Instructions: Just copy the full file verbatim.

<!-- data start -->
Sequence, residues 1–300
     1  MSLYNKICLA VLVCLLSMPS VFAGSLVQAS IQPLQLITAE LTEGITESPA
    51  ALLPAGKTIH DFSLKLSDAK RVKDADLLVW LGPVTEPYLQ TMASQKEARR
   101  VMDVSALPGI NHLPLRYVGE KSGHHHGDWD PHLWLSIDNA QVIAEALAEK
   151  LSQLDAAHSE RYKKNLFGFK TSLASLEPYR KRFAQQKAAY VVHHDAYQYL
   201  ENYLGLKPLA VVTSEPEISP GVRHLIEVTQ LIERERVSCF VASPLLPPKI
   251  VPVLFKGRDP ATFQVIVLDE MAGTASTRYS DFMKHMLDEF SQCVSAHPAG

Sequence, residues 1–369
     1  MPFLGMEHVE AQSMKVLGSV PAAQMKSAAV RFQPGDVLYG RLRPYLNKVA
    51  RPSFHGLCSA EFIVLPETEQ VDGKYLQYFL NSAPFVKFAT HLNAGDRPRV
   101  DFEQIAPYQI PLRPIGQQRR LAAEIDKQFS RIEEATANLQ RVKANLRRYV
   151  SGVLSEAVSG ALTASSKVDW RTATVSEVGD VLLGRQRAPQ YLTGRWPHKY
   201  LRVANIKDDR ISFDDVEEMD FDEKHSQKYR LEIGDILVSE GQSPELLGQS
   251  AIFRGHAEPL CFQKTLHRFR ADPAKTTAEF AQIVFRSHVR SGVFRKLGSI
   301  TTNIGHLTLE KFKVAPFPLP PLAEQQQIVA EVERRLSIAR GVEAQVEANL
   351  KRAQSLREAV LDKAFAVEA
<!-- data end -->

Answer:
Sequence, residues 1–300
     1  MSLYNKICLA VLVCLLSMPS VFAGSLVQAS IQPLQLITAE LTEGITESPA
    51  ALLPAGKTIH DFSLKLSDAK RVKDADLLVW LGPVTEPYLQ TMASQKEARR
   101  VMDVSALPGI NHLPLRYVGE KSGHHHGDWD PHLWLSIDNA QVIAEALAEK
   151  LSQLDAAHSE RYKKNLFGFK TSLASLEPYR KRFAQQKAAY VVHHDAYQYL
   201  ENYLGLKPLA VVTSEPEISP GVRHLIEVTQ LIERERVSCF VASPLLPPKI
   251  VPVLFKGRDP ATFQVIVLDE MAGTASTRYS DFMKHMLDEF SQCVSAHPAG

Sequence, residues 1–369
     1  MPFLGMEHVE AQSMKVLGSV PAAQMKSAAV RFQPGDVLYG RLRPYLNKVA
    51  RPSFHGLCSA EFIVLPETEQ VDGKYLQYFL NSAPFVKFAT HLNAGDRPRV
   101  DFEQIAPYQI PLRPIGQQRR LAAEIDKQFS RIEEATANLQ RVKANLRRYV
   151  SGVLSEAVSG ALTASSKVDW RTATVSEVGD VLLGRQRAPQ YLTGRWPHKY
   201  LRVANIKDDR ISFDDVEEMD FDEKHSQKYR LEIGDILVSE GQSPELLGQS
   251  AIFRGHAEPL CFQKTLHRFR ADPAKTTAEF AQIVFRSHVR SGVFRKLGSI
   301  TTNIGHLTLE KFKVAPFPLP PLAEQQQIVA EVERRLSIAR GVEAQVEANL
   351  KRAQSLREAV LDKAFAVEA